Whether as kids or adults, when we walk into a new environment like a classroom or conference, we look around for those we know. We are instantly drawn to those with whom we’re familiar and become more comfortable when we’re with those we know. This can be good. We have confidence and strength when in our groups. We like being around those with whom we have plenty in common. We want to support each other and we like that we share the same concerns. A deep seated need we all have is to feel a sense of belonging. We desperately want to be part of a community. We crave our sense of family and being part of a familiar group. This is perfectly normal.
Our relationships start with our families and build out from there. From our family, to friends, co-workers, and more distant acquaintances. We tend to share more in common with those that are closest. The further out our contact is, the less we’re likely to share. Birds of a feather flock together. We have cliques or clubs based on mutual interest. We can dress the same, talk the same, and think the same. We talked about the Power of Peers in our last article.
Quentin Crisp, the inspiration behind Sting’s song “An Englishman in New York”, lived a unique life even more memorable than his name. He was a standout character that went from being a proudly gay man in England during WWII to making regular appearances on the Dave Letterman show deep into his life. Crisp keenly observed the difference between fashion and style. He considered them not related but opposites. Fashion was an act of conforming. It reduced one’s individuality and helped someone blend in by becoming acceptable to others. A driving motivation for many (witness any high school) is to eliminate their own uniqueness and fit into the group. By not being oneself, one could fit in. This may be comfortable, but comes at a cost. Crisp wrote, “Fashion is what you adopt when you don’t know who you are.”
We see this in business as well. Our strategies are structured around what others in our industry are doing. We’re looking outside at our competitors and less at ourselves. Industry associations are a big part of this. We’ll never get ahead of the person we’re trying to copy. The best we can hope to achieve is the same as them. Sure, following in the steps of someone breaking trail in the snow makes our lives easier. Being the first in new or fresh terrain is both difficult and risky. It makes sense to not be this person or business if you don’t have to be. However, you’ll never be a leader by following or copying someone else. You’ll never make your own imprint if you’re stepping in other’s footprints. As a Venn diagram, our strong ties reflect a high degree of overlap. We share much of the same circle. This makes us feel good, but it also closes us down. We can turn off our independent thinking and dial up our devotion to the group.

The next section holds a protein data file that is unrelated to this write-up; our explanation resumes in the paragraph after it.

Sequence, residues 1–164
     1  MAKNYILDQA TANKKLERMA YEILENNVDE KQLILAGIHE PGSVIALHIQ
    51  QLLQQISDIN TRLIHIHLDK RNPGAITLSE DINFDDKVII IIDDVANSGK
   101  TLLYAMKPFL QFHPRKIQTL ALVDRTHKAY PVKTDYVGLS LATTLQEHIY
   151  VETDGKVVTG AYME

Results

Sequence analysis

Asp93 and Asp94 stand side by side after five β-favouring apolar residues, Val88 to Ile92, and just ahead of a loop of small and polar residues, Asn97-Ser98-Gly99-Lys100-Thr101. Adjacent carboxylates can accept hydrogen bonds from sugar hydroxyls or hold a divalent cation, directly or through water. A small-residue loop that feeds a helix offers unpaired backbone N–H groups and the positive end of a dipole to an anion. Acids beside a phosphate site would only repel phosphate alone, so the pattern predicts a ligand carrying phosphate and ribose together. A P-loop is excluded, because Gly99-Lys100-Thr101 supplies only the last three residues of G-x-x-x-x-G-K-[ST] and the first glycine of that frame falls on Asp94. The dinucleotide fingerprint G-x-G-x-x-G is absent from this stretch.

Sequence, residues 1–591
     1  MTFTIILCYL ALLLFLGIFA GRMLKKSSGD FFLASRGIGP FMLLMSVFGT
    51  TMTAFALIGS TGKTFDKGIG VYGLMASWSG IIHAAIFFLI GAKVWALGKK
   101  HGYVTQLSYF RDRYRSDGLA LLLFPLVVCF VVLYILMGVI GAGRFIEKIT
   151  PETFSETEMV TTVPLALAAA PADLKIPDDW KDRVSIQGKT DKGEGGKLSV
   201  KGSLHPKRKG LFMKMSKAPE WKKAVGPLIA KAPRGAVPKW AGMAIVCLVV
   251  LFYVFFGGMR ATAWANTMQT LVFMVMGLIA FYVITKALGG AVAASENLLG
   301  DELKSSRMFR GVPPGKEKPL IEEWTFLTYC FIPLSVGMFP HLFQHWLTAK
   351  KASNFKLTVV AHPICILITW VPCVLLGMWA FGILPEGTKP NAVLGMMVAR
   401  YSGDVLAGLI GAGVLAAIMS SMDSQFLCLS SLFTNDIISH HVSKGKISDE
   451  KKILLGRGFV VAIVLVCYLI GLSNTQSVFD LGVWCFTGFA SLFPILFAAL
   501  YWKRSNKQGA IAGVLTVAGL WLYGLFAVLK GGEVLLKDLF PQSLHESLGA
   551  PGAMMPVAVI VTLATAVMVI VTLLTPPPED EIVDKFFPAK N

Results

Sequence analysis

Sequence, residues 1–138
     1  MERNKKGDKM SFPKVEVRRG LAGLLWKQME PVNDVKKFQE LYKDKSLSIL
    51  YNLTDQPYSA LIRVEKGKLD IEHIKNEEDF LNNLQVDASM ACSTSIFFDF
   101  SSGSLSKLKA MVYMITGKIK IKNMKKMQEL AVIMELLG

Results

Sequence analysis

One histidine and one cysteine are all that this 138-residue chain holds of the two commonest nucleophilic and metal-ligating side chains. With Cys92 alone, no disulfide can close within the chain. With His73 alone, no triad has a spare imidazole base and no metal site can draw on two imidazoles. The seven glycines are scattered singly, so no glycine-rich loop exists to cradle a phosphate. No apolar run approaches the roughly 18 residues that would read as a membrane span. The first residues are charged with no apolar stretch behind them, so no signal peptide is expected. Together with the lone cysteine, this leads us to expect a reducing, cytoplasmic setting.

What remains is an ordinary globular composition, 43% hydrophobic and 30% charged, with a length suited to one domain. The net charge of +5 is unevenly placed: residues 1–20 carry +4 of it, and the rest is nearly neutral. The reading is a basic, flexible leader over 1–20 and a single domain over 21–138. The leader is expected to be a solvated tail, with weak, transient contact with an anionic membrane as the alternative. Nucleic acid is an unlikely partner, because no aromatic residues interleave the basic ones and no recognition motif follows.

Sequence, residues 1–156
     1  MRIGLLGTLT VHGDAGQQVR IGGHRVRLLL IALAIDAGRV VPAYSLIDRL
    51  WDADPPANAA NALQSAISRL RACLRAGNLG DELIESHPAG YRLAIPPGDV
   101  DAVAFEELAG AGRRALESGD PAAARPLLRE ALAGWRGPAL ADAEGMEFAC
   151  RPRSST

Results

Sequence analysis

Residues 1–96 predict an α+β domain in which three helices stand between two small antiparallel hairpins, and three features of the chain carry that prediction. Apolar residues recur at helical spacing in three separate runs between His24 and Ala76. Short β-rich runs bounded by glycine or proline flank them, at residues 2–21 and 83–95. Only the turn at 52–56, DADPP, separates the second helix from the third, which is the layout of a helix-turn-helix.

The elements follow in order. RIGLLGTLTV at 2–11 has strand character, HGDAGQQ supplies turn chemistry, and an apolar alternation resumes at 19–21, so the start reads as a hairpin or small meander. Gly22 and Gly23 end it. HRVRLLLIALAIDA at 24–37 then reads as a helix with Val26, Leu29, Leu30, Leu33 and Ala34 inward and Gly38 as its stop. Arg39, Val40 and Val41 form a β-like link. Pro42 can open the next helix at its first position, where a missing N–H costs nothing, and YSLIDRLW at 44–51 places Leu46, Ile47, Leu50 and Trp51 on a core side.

Each Provincial brokerage association enjoys their annual AGMs and conventions. Unfortunately, with COVID-19, these conventions were largely cancelled or moved to virtual events for the past two years. Our annual ability to regroup and reconnect with our peers has been removed. Our opportunity to get together and compare notes to see how we’re in lock step with each other hasn’t been available. Have we used this as an opportunity to look inwards and craft our own course? This could have been viewed as a positive opportunity. As exciting as getting together again with our peers may now be, what opportunities are there for our businesses outside of our close connections?
In the 70s a Stanford Professor, Mark Granovetter, published a paper that continues to offer useful insight today. The paper, “The Strength of Weak Ties” dealt with how much of our individual opportunity and progress in life comes not from those that we are closest to, but those from whom we’re a bit more removed. New things almost always come from outside one’s inner circle. Granovetter observed that job opportunities were an example of a benefit that came more from more distant social connections. Those closest to us are more likely to share similar experiences and views of the world. They know what you know. They are unlikely to be able to offer new insights or new opportunities as they are no more aware of them than you will be. Those just a little outside of your circle of influence will be exposed to entirely different opportunities and may be best suited to find a fit for you.